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THE CAMERON COUNTY PRESS.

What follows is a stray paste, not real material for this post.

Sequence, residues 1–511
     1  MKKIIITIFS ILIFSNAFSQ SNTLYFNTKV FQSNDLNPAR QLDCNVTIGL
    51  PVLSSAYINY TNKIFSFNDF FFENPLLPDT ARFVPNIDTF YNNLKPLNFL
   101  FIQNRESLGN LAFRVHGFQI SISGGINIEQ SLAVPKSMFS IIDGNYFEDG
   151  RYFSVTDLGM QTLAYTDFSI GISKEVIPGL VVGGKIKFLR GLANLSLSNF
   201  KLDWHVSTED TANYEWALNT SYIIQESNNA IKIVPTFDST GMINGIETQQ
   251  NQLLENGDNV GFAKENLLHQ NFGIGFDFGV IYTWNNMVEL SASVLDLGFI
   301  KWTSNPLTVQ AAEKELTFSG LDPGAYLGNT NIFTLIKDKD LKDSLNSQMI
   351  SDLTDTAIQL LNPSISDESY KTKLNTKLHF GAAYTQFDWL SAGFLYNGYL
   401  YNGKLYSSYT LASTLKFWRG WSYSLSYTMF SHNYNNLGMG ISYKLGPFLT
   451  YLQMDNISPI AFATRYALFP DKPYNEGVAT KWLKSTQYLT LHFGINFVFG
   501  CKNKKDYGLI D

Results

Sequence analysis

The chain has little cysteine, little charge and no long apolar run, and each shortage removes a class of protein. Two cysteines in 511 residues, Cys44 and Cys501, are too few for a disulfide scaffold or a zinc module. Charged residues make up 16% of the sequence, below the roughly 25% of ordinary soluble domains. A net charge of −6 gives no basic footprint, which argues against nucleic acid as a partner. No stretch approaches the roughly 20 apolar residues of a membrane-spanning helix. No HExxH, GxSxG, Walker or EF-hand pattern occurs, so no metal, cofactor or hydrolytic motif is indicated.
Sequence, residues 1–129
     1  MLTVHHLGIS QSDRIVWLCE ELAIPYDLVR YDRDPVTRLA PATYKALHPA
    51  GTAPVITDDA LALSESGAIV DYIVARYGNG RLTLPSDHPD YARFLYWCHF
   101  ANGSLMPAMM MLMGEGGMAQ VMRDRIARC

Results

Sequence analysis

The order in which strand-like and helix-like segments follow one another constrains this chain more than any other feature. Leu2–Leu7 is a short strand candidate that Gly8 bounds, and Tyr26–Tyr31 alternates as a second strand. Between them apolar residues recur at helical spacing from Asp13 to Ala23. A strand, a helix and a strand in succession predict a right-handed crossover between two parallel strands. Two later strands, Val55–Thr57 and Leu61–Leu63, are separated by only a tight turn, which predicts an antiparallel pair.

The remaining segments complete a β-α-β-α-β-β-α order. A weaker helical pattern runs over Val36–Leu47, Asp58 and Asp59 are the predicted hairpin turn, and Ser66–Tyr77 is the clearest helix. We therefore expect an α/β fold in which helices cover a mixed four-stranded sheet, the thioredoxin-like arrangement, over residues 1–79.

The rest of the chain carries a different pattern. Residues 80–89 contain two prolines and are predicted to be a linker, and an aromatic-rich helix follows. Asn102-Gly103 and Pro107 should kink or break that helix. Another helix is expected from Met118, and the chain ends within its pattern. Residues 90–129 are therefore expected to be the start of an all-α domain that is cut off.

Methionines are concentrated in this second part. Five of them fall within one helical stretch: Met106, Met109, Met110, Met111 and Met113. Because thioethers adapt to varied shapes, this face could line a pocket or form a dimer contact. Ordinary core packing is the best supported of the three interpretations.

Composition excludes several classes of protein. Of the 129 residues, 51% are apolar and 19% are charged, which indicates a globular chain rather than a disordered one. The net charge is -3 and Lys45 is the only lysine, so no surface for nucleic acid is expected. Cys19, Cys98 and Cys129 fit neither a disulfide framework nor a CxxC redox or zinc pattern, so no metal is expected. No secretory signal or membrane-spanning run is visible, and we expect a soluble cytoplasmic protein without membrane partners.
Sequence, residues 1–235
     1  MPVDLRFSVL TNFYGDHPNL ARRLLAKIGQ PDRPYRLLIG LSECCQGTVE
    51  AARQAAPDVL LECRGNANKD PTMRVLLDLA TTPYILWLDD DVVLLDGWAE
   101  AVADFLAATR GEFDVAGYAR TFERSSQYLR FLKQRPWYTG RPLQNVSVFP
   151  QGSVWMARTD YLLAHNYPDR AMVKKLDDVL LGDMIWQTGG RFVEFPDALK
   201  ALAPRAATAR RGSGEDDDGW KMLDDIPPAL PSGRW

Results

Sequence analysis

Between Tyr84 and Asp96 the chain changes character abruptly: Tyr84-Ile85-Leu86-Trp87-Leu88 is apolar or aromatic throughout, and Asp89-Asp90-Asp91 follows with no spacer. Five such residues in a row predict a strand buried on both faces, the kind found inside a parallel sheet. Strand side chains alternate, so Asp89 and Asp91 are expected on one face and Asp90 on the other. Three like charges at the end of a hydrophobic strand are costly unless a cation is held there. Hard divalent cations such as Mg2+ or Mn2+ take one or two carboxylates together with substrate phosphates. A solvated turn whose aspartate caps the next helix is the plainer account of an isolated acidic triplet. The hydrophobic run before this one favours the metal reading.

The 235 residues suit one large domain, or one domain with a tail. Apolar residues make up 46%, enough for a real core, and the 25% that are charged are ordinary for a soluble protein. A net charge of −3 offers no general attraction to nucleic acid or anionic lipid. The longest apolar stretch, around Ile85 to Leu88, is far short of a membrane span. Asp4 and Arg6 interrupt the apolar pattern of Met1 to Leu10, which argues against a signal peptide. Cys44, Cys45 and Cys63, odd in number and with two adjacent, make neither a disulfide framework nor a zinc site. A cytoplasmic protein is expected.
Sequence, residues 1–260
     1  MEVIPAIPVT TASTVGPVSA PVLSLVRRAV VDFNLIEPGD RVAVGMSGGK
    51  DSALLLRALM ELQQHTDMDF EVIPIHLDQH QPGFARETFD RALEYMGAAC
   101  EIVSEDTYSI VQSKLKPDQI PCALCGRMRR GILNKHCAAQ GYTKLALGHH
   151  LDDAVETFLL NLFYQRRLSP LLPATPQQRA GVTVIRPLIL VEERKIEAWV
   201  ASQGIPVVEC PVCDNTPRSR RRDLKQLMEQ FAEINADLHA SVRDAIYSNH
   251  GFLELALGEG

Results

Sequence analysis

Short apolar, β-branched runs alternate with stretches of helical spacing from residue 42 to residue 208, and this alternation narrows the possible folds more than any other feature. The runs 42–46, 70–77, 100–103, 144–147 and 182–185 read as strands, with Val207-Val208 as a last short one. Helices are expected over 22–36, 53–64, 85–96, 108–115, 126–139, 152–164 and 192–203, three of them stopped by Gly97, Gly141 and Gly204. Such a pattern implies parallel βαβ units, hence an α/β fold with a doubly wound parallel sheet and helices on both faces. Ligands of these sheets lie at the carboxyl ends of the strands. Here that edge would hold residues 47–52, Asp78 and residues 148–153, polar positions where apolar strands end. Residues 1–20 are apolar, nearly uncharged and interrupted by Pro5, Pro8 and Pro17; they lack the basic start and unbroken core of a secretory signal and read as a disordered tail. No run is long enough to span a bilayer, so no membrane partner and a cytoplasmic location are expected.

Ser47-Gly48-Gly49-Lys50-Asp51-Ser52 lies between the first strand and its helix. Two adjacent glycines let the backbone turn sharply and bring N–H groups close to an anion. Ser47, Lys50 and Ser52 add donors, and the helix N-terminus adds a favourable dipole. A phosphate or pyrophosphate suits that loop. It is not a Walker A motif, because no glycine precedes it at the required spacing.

ESTABLISHED BY C. B. GOULD, MARCH, 1866. VOL. 33. EDITOR'S NOTICE. XWHEN you see this item mark ed with an X, in blue or black pencil mark across its face you will know that your subscription is due, or past due. Your name will be found printed on each copy of the PRESS, as you receive it and gives the last date to which you have paid. Our terms are $'2.00 if not paid in advance, |1.50 in advance. Many, very many, of our patrons allow their subscrip tions to run year after year. This we are unable to stand. It requires money to purchase paper and pay em ployes and we must insist upon the payment of subscriptions due us. We have been patient, but "patience has ceased to be a virtue," and we now propose to weed out all those subscri bers who show no disposition to pay for their paper. 10 PAGES. Business Cards. H. W. GREEN, ATTORNEY-AT-LAW, Emporium, Pa. A business relating to estate, collections, real estates. Orphan's Court and general law business will receive prompt attention. 42-ly. J. C. JOHNSON. J. P. MCNARNEY, JOHNSON McNARNEY, ATTORNEYS-AT-LAW, EMPOKIUM, PA. Will give prompt attention to all business en rusted to them. 16-1 y. MICHAEL BRENNAN, ATTORNEY-AT-LAW Collections promptly attended to. Real estate and pension claim agent, 35-ly. Emporium, Pa. P. D. LEET. ATTO R N E Y-AT-LA W, Emporium, Pa. To LAND OWNERS ANI> OTHERS IN CAMERON AND ADJOINING COUNTIES. I have numerous calls for hemlock and hard wood timber lands, also stum page &c. 112 and parties desiring either to buy or sell will do well to call on me. P. D. LEET. CITY HOTEL. WM. McGEE, PROPRIETOR Emporium, Pa. Having again taken possession of this old and popular house I solicit a share of the public pat ronage. The house is newly furnished and is one of the best appointed hotels in Cameron county. 30-1 y. THE NOVELTY RESTAURANT, (Opposite Post Office,) Emporium, Pa. WILLIAM MCDONALD, Proprietor. I take pleasure in informing the public that i have purchased the old and popular Novelty Restaurant, located on Fourth street. It will be inv endeavor to serve the public in a manner that shall meet with their approbation. Give me a call. Meals and luncheon served at all hours. n027-lyr Wm. McDONALD. 3T. CHARLES HOTEL, THOS. J. LYSETT. PROPRIETOR, Near Buffalo Depot, Emporium, Pa. This new and commodious hotel is uow opened for the accommodation of the public. New in all its appointments, every attention will be paid to the guests patronizing this hotel. 27-17-ly MAY GOULD, TEACHER OP PIANO, HARMONY AND THEORY, Emporium, Pa. Scholars taught either at my home on Sixth street or at the homes of the pupils. Out of town scholars will be given dates at my rooms in this place. F. C. RIECK. D. D. S., DENTIST. Office over Taggart's Drug Store, Emporium, Pa. Gas and other local anaesthetics ad- f or the painless extraction SPEClALTY:—Preservation of natural teeth, in cluding Crown and Bridge Work. I will visit Driftwood the first Tuesday, and Sinnemahoning the third Wednesday 01 each month. Political Announcements. All Announcements under this head must be signed by the candidate and paid in advance to insure publication. ASSOCIATE JUDGE. Editor Press:— Please announce my name as a candidate for Associate Judge ot Cameron county, subject to the decision of the Republican County Conven tion. JOHN A. WYKOFF. Grove, Pa., April 4th, 1898. Editor Press: Please announce my name as a candidate for Associate Judge of Cameron county subject to the decision of the Republican County Conven tion. WM. BERRY. Sterling Run, Pa., April Bth, 1898. Editor Press: — Please announce my name as a candidate for Associate Judge of Cameron County, subject to the decision of the Republican County Conven tion. JOHN McDONALD. Driftwood, Pa., April 20th, 1898. Editor Press: Please announce my name as a candidate for Associate Judge of Cameron county, subject to the decision of the Republican County Conven tion. S. D. MoCOOLE. Driftwood, Pa., May 7th, 1898. * * COUNTY TREASURER. Editor Press : Please announce my name as a candidate for the nomination of County Treasurer, subject to the decinion of the Republican county Conven tion. 11. C. OLMSTED. Emporium, Pa., June 27, 1898. Editor Press:— Please announce my name as a candidate for Treasurer of Cameron County, subject to the decision of the Republican county convention. G. CATLIN. Emporium, Pa., June 28th, 1898. •** Editor Cameron County Press: Please announce my name as a candidate for the office of County Treasurer, subject to the de cision of the Republican County Convention. C. M. THOMAS. Emporium, Pa., Aug. 16,1898. Will Take the Stump. B. W. Green, Esq., of Emporium, has accepted the invitation of the Re publican State Committee and will stump the State in the interests of the Republican ticket. Mr. Green is a forcible talker and will do good work. Letter From Purto Rico. COAMA BATTLE FIELD, 1 « Porto Rico, Aug. 11, 1898. / I suppose you have heard of the battle in which the 16th regiment was the "whole thing." We are all waiting in anticipation, for the re port is now that peace is declared and we are all willing to quit too. Well, I will endeavor to give you a description | of the battle: We were camped at Camp Hulings, halfway I between Juan Die* aud Coama, when we re ceived word to move the light artillery and the 2nd and 3rd Wisconsin were the attacking parties. The 16th Pennsylvania were sent around the city by the right Hank to cut otl' the Spaniards' retreat. Well, we marched until ten o'clock the night of the Bth, and went into camp on top of one of the high mouutains, where we could command a good view of the country around us and laid ourselves down tin the grass to rest, (and we needed it too.) We broke camp at 3:00 a. m.and continued our march over the mountains and through the woods, Co. C, being the advance guard and we were led through ravines and cactus patches where we had to cut our way with our matchettes and got tangled up in the jungles and about 7:30 a. m., we came out on top of a high plateau and could easily hear the boom of cannon from the city. The regular guide we had rode ahead and came back pell-mell shouting, "The Spaniards are in full retreat. Follow me, double-quick time!" Well, we all made for the road where the Spaniards were retreating and I being in the point of the advance guard was not very far be hind the first man. We came down 4 he hill pell-mell into the clearing and not a devlish Spaniard in sight, when, bang! bang! bang! and zip, whiz!—you ought to have seen us duck into the grass. My side partner, Clyde Frank, fell with the rest with a hole through his leg about eii<ht inches from his hip and a bullet struck my blanket roll at the same time and I can tell you my thoughts went "home" more than once while I was lying there with the bnl lets cutting the grass all around us. We kept up the fire from our Krag-Jorgenson rifles at a very rapid pace for one hour and twenty-five minutes, when up went a white flag on the Spanirds' line and you ought to have heard the cheer which went up from the lines of the 16th, and we all made sure and then got up out of the gras* and found two of Co. C's boys were wounded, both of them were hit in the same place on the right leg; both being shot through and through. Frank having a compound fracture of the bone made with a brass bullet, and Whitlock having a wound through the fleshy part of the leg. Co. Cthen accompanied the Major over to where the Spanish soldiers were and took charge of them, taking them to Ponce and turning them over to the Regulars. I am feeling first rate and we have the promise that we will be home in six or seven weeks and I hope we may too. I have several relics of the battle. One a cactus leaf, pierced with a bullet, behind which I laid through the battle. Also the blanket with the hole shot through it. I got 22 shots, and every time I s'.iot I had a bead on a Spaniard. The new rifles we have are beauties. They ai'e five shot repeaters and we have sword baynets, which are a very good thing when you get into a patch of cactus. EMORY J. FAUZY, Co. C, 16th Reg. P. V. I. An Honored Judge. The judicial nomination that was presented to Hon. C. A. Mayer by the Republican conference at Ridgway Friday is an action that is very flatter ing to the recipient. The sentiment is growing that the judiciary should he elevated above the rivalries of politics, which sentiment is meeting with favor in many localities. But when it is considered that in many judicial con ferences, conferees assemble in an un enviable frame of mind owing to the ill feelings engendered by the possible victory of an opposing candidate, the contrast in this case, where the nomi nee secured that honor by the unani mous vote of six sets of conferees, can not be regarded in any other light than that of being of a very marked character. But the unanimity by which the nomination is given is not only the proud feature of this happy procedure. Judge Mayer has hereto- i fore been honored by the people of this district, not only once or twice, but the fourth time. For nearly the whole of three ten year terms has he presided in the court.s of this and neighboring counties. During that long period of time he has made de cisions, effected settlements and pre sided with such impartialty, that each successive year of his long service has so strengthened him in the popularity as well as in the affections of his con stituents, that the voters of both lead ing political parties have honored him with the nomination for the fourth time. In this respect, the fourth nomination gives Judge Mayer an honorable dis tinction not possessed, so far as we know, by any other living judge. This nomination, then, carries with it an appreciation, an honor and a re newed confidence, that is as creditable to the political parties that conferred it, as it is an enviable and gratifying distinction to the official receiving it. —Lock Haven Democrat. New Store. Mrs. E O. Bardwell is in New York City this week selecting stock and up on her return will open a millinery and fancy dry goods store in her par lors, at No. 7, West Fourth street. Lawn Social. Thursday, Sept. Bth, at the home of Mrs. Fred A. Hill, Sixth street, the Ladies of the Presbyterian church will serve ice cream, sweet cream and peaches, cake and coffee. Sweet . music will be rendered by our best • talent. '2t "Liberty and Union, One and Inseparable." —WEßSTEß. EMPORIUM PA., THURSDAY, SEPTEMBER 8, 1898. Death of Mrs. Wm. Entz. Miss Mame Connerton, a very esti mable Emporium young lady, was called to Kane, last Thursday, by a telegram informing her that her sister, Mrs. Wm. Entz, of St. Marys, who was iu Kane hospital, was .at the point of death. Miss Connerton arrived there before her sister died. The remains were taken to St. Marys to the home of the bereaved husband and three children, one a babe only a few weeks old. The funeral took place on Sun day and was very largely attended. The scene at the grave was a very sad one, when the little son begged that his mamma be not interred. A Few From Austin. From the Democrat A. 11. King, of Erie, has charge of Hackenberg's bona-fide auction sale Ray White, an attache of the CAM ERON COUNTY PRESS, was in town on Sunday. Miss Helen Van Valkenberg, of Em porium, was visiting Mr. and Mrs. Hackenberg this week. John A. Noe is in Galeton this week fitting out three private libraries with choice books from the large line of standard works which he handles. Miss Mamie McCabe, of Emporium, is spending a few weeks in town the guest of her friend Miss Loretta S wayne. W. H. Erhard and family who were entertained by Wm. Hackenberg while in town, have returned to their home in Erie. Masonic Prosperity. The Scottish Rite Masons of Coud ersport have bought the second story of the double brick block on Main street, the first story of which is occu pied by Scoville & Haughenberry and by Wm. Gunsberger, and the third story by Eulalia Lodge F. & A. M. It is being fitted up in regal style for occupancy by the new lodges of the Scottish Rite, Carl Brennle, the con tractor, is rapidly pushing the work to completion. The lodge.room proper has a working tloor of 22x50 feet, with galleries on each side, an orchestra, 7xlo in the rear. In front of the lodge room is a stage 20x21, connected with a reception room by a hall above the stairway. The reception room is 17x 23 and back of that is the banquet hall, 15x68 feet Toilet rooms and property rooms are provided in addition to those described. The building will now properly be called "Masonic Block," as the fratern ity own two floors of it.—Coudersport Journal. Hemlock Crop is all Right. Charles W. Goodyear, who has ex tensive lumbering interests in Penn sylvania, and who is second vice presi dent and general manager of the Buf falo & Susquehanna Railroad, was ask ed about the condition of the lumber market F. 11. & C. W. Goodyear have three mills in Potter county, Pa., that saw about 1-50,000,090 feet of lam her a year, chiefly hemlock. "The market is good for this season of the year," said Mr. Goodyear. "We shipped more lumber last month than we did in July last year." "How is your railroad doing? " "Very well indeed. It does a gen eral railroad business, carrying freight and passengers." The Buffalo & Susquehanna is 100 miles long, all told, and has connec tions with the W. N. Y. & P. at Keat ing Summit, the Erie at Wellsville and Addison and at Ansonia with Fall Brook. "Many people suppose, Mr. Good year" said the reporter, "that there will be no more hemlock timber stand ing after a few years." "That is a mistake. We expect to continue to lumber about 15 years at the present rate. The Pennsylva nia hemlock will likely last about 20 years. There is plenty of hemlock in Michigan, Wisconsin and Maryland and lots of it in Washington and Oregon. There is a great deal of hem lock in Canada. This generation need not worry about the timber question. If the timber States will take hold of the matter of forestry in an intelligent way and keep fire out of the land that has been cut over, there will be plenty of timber for generations to come."— Buffalo Times. Position Wanted. Having decided to again engage in the business of running steam log loaders, I am ready to contract for the season or year. MONT EDWARDS, Austin, Pa.. Sept. oth, 1898. —28-3t Seed Wheat. Mr. L. G. Cook has several varieties of seed wheat for sale, samples of which may be seen at Walker's hard ware store. 25tf The Slnnemahoning Bridge. During the past three years consid erable litigation and controversy has been in vogue over the question of erecting a bridge across the Driftwood stream to accommodate the citizens of VVyside, who have been compelled for years to ford the stream with teams, and cross the railroad bridge on foot, when the water was too high to ford. The question came before the grand jury at two separate terms and they recommended the erection of the bridge. The court appointed viewers who made a survey and reported to court in favor of the erection of the bridge. At the argument court held last Monday, Hon. C. A. Mayer de creed that a mandamus should be issued to compel the County Commissioners to pay to the Supervisors of Grove township $5,850, in equal payments, as the work progresses. The bridge will be 350 feet feet long and will cost the township $7,000, not including the ap proaches. This action by the court settles the question of the erection of the bridge, unless the County Commissioners incur the heavy expense of carrying the case to the Supreme Court. The Pit ESS has stubbornly refused to take sides in the matter and now that the question has been decided by the court in favor of the township we fail to see where the interests of the taxpayers can be bene fitted by carrying an appeal to the Supreme Court, at an expense of sev eral hundred dollars and in the end be compelled to build the bridge. Well Protected. A. F. Vogt & Co. have had a folding iron front placed on their store on West Fourth street, by the Emporium Machine Company, in order to protect it from being entered by burglars. The above establishment has been burglarized three times during the last eleven mouths. Agricultural fleeting. The meeting of the State Board of Agriculture, on the 12th and 18th of October, promises to be an unusually interesting event. Not only every farmer but every citizen of the county should arrange to take advantage of the favor of this meeting on the part of the state officers. The Governor of the state and other state officials have promised to be present. Her Ninetieth Hilestone. Mrs. Delilah Quay Clark, mother-in law of W. F. Lloyd, was ninety years old last Sunday and in the evening she demonstrated her remarkable vitality by walking down Fourth street as far as Broad, after dark. During the day many of her old friends and neighbors called to congratulate her upon the ripe old age she had at tained and they received a cordial welcome from the aged lady. Thrown From His Engine. As Niagara Express was about to take water at Howard Siding last Thursday evening, engineer James Mills, who was holding the tank spout in the man-hole of the tender by means of a shovel, was thrown over the side of the tender by the sudden raising of the spout as the valve was opened, and sustained serious bruises about the shoulders. He managed to take his train to St. Marys, where he was relieved by another engineer. Last Week Day Excursion of the Season to Portage Falls. The W. N. Y. & P. Ry. will run the last week day excursion of the season to Portage Falls, Saturday, Sept. 17tli. Special train will leave Emporium at 7:30 a. m. Fare for round trip SI.OO. Train will arrive at Portage Falls Park 10:50 a. m.; returning leave 5:30 p. m , giving 01 hours at the Falls, and re turning home at a seasonable hour. Fill your lunch basket and join the last week day excursion of the season to Portage Falls. 28-2t Resolutions of Respect. At a regular meeting of the Cameron County Agricultural Society, held at Emporium, on Saturday, Aug. 27th, the following resolution was unani mously passed : The Cameron County Agricultural Society places on record its high ap precation of the excellent services rendered by its late fellow member, Mr. E. N. Fairchild, in whose death the society loses one of its most useful and active members. Mr. Fair child was formost in the efforts to bring the Society to its present con dition of usefulness. He was sueces i ively elected Secretary; State delegate and Treasurer, which is sufficient evi dence of the confidence reposed in him by the Society. In the sad dispensation,the Cameron County Agricultural Society extends to the bereaved family its sincere con dolence. By order of Society, E. W. GASKII.L, N. 11. OSTRUM, 1. K. HOCKLEY, Committee. At Half Price. I desire to inform the people of Cameron county that until the 20th of this month I will do all dental work at half price. The materials I use are absolutely the best. DR. J. M. CARD. Religious. The Free Methodists will hold their fourth quarterly meeting at Emporium, Sept. 9th to 11th. Bro. Sellew, District Elder will have charge of the meeting. All are invited to attend. AMOS HORNING, JR. Running Day and Night. The tidal wave of returning prosper ity has struck Emporium and as a very strong criterion ofsuch we would point to the fact that Howard's planing mill is kept running day and night to keep up with orders. '•Too (iood to Drop." C. W. Berfield writes us from First Fork, enclosing a check and says:"l do not wish to have the paper discon tinued; it is too good to drop." That's what they all say, friend. We are cer tainly very thankful to our friends for the very encouraging letters we re ceive from them and shall labor to make the PRESS as welcome as it has been for years. Our circulation con tinues to grow and daily new names are added to our list. Seriously Burned. Last evening Gordon, the six year old son of Mr. and Mrs. A. F. Vogt, while in the act of testing the soothing influences of corn-silk cigarettes, set fire to his blouse waist. He immed iately started for the house, but was severely burned about the breast and arms before his parents could extin guish the flames. Miss Minnie Vogt was painfully burned on her hands in her efforts to save the boy. Dr. Bard well was called and the boy will be out in a few days but we hope not ready for any more cigarettes. Our Valley Correspondent. It is with regret that we inform the readers of the PRESS of the resignation of our competent and reliable Rich Valley correspondent, Mrs. S. D. Housler. For several years past Mrs. Housler has acted as our correspondent in the Valley and during that time she has never sent us an item of news that we did not deem fit for publica tion The cause of Mrs. Housler's action was on account of some over sensitive person taking offense at an article she had written in one ofoo r late issues. Ball Oame Postponed. The ball game advertised to take place at Sizerville to-day, between Em porium and Port Allegany, has been postponed until Thursday, Sept. 15th, owing to the bad condition of the grounds. Remember the date; next Thursday. Excursion rates, two cents per mile each way. Special train will leave Sizerville for Port Allegany at 9:30 p. m., and leave Sizerville for Emporium at 11:30 p. m. This is ex pected to be a big time, for mine host H. W. Martindale is preparing to en tertain all who attend with a baked clam and green corn supper. There will be dancing on the platform during the evening. Sad shooting Affair. On Monday afternoon as Ward, the little twelve year old son of Robert Colter, who resides at Half Mile, just above Gardeau, was returning from school, he stopped at one of the neigh bors house to see a revolver which one of his companions had. While they were handling the dangerous weapon it was suddenly discharged, the bullet entering his heart and producing in stant death. The funeral was held from his late home at Half Mile yester day morning, Rev. Ilobt. McCaslin offi ciating. The remains were interred in Newton Cemetery. Mr. Colter and family formerly resided at Emporium, and their many friends join the PRESS in extending to the bereaved family, their deepest sympathy in their great affliction. The Bucktails. At a meeting of the Executive Com mittee of the Bucktail association, held last week in conjunction with the citi zens committee of Kennett Square, Thursday and Friday, October 13th and 14th, were fixed upon as the date for the next annual reunion. Secre tary Rauch, will, in a few days supply all the members of the association, both active and honorary, with card orders,which will call for a low rate of fare to Kennett and return, and as Em porium and vicinity has quite a num ber among the membership, it is to be hoped a good delegation will be in at tendance from this vicinity. Further information will be cheer fully given by H. H. Mullin, Empori um, Pa. TERMS: $2.00 —$1.50 IN ADVANCE. Pressed Bricks. Treat every girl an you would like to have every boy treat your sister.—Ex. Argument court was held last Mon day afternoon and considerable busi ness transacted. Ira C. Chatham, of Farrandsville, Pa., formerly a resident of Emporium, has been appointed postmaster at that place. The Watsontown boot and shoe com pany has received a contract from the government to make 25,000 pairs ot shoes. An exchange says the best way to mark table linen is to leave the baby and a blackberry pie alone at the table for three minutes. For the next ten days N. Seger will run a special line of men and boys' underwear, at cost. These goods are well made and guaranteed to wear. It is said that the Buffalo & Susque hanna Railway now has 11 first-class locomotives, 884 freight cars, 15ti miles of main-line track and about 100 miles of branch track. Francisca, the four months old daughter of Mr. and Mrs. John Bauer, died last Saturday of membraneous croup. The funeral was held from St. Mark's church on Sunday afternoon. It is not hard to write funny para graphs. All you have to do is to procure a pen, some paper and ink, and then sit down and write them as they occur to you. It is not the writing, but the occurring that is hard —Ex. Contractor J. W. Kriner and his crew of carpenters are busily engaged in the erection of a large circular shaped barn, on the farm of Josiab Howard. The barn will be fitted up with all the modern conveniences and when completed will be one of the finest in this section. State Senator J. Henry Cochran's fishing party has returned from Nepi gon, on the north side of Lake Superior. The party consisted of Senator Coch ran, his son Joseph, who stopped with them on his return from the Klondike, John G. Beading, Esq , and Dr. G. 14. Campbell.—Williamsport News. B. Seger & Son, of Emporium, have leased the Beilly store, on the corner of Main and Franklin streets, and will on or about Sept. 15th, open a fine line o* clothing and gents' furnishing goods. The stock will be new throughout, and as the Messrs. Seger will have one of the finest business locations in Smeth port in which to display their goods, there is no question but what they will meet with fine success. The firm are two of Emporium's oldest and best known business men, and they come to us well recommended. -Smethport Democrat. If a fellow is going totell a story he might just as well tell a good one. Bead the following told by a man in Davenport, N. Y.: "Seven years ago I left my vest, containing a gold watch, hanging on a fence while mowing the back yard. A young pet calf wandered up and proceeded to eat the vest and swallowed the watch. I gave up the watch for lost, of course, and gave it no further thought. A short time ago the calf, which had become full grown, was slaughtered for beet. The watch was found in such a position between the lungs that the respiration of the lungs closing and filling had kept the stem winder wound up, and the watch had only lost about four minutes dur ing the seven years." CURRENT COriMENT. The Pennsylvania Bepublicans this fall will kill two birds with one Stone. One of the birds is a Swallow. Miss Helen Gould has given the gov ernment and the soldiers $127,000 since the war began, besides her personal services in trying to make the camps fit for the habitation of invalids. In making up the list of heroes of the war, her name deserves a place. Bepublican Missouri this year will fall into line with Bepublican Mary land, West Virginia and Kentucky. These sister states are a little ahead because their Bepublicans have avoided factionalism. Missouri Bepublicans will have no more ot it.—St. Louis Democrat. Those people who are counting upon a great Bepublican disaffection this fall, and who think that there is a good chance to elect the Democratic candi dates, will certainly be grievously dis appointed. It is true thatmany people are easily convinced that the best way to save the country is to desert their party, and that|the masses aro inclined to rush from one extreme to the other. But the fact that the Bepublican party has managed matters with consummate skill and wisdom, has brought us out of the slough of despondency into the sunlight of prosperity and glory ought to have more influence upon the minds of the voters than the bugaboo stories of a lot of disgruntled, ambitious and unscrupulous politicians posing as re formers.—Kittanning Free-Press. NO. 28.